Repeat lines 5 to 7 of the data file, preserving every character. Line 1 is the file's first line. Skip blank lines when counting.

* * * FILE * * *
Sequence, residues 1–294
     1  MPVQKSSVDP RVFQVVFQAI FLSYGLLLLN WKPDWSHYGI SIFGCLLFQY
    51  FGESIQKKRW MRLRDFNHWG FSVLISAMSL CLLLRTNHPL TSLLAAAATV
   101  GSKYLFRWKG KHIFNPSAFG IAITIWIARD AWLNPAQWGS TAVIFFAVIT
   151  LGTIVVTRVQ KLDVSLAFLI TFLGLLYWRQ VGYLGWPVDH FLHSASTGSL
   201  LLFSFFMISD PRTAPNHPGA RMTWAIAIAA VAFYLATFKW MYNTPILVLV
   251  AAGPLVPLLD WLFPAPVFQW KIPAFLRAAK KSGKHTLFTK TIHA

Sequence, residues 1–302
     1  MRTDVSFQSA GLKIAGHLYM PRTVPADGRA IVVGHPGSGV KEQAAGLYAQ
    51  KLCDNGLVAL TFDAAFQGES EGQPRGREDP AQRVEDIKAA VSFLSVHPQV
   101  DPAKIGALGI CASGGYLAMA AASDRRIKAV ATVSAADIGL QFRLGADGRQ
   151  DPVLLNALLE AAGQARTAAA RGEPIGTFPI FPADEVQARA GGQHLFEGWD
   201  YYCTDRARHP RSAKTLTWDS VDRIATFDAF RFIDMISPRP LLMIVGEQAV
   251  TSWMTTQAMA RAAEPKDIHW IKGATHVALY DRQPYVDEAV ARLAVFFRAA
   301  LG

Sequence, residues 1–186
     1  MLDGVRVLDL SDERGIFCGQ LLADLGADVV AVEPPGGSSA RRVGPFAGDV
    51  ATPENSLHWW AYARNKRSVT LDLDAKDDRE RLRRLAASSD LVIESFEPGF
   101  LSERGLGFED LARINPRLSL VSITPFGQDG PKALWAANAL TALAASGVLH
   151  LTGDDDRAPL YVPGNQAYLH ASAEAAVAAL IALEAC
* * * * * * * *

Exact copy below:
   151  LGTIVVTRVQ KLDVSLAFLI TFLGLLYWRQ VGYLGWPVDH FLHSASTGSL
   201  LLFSFFMISD PRTAPNHPGA RMTWAIAIAA VAFYLATFKW MYNTPILVLV
   251  AAGPLVPLLD WLFPAPVFQW KIPAFLRAAK KSGKHTLFTK TIHA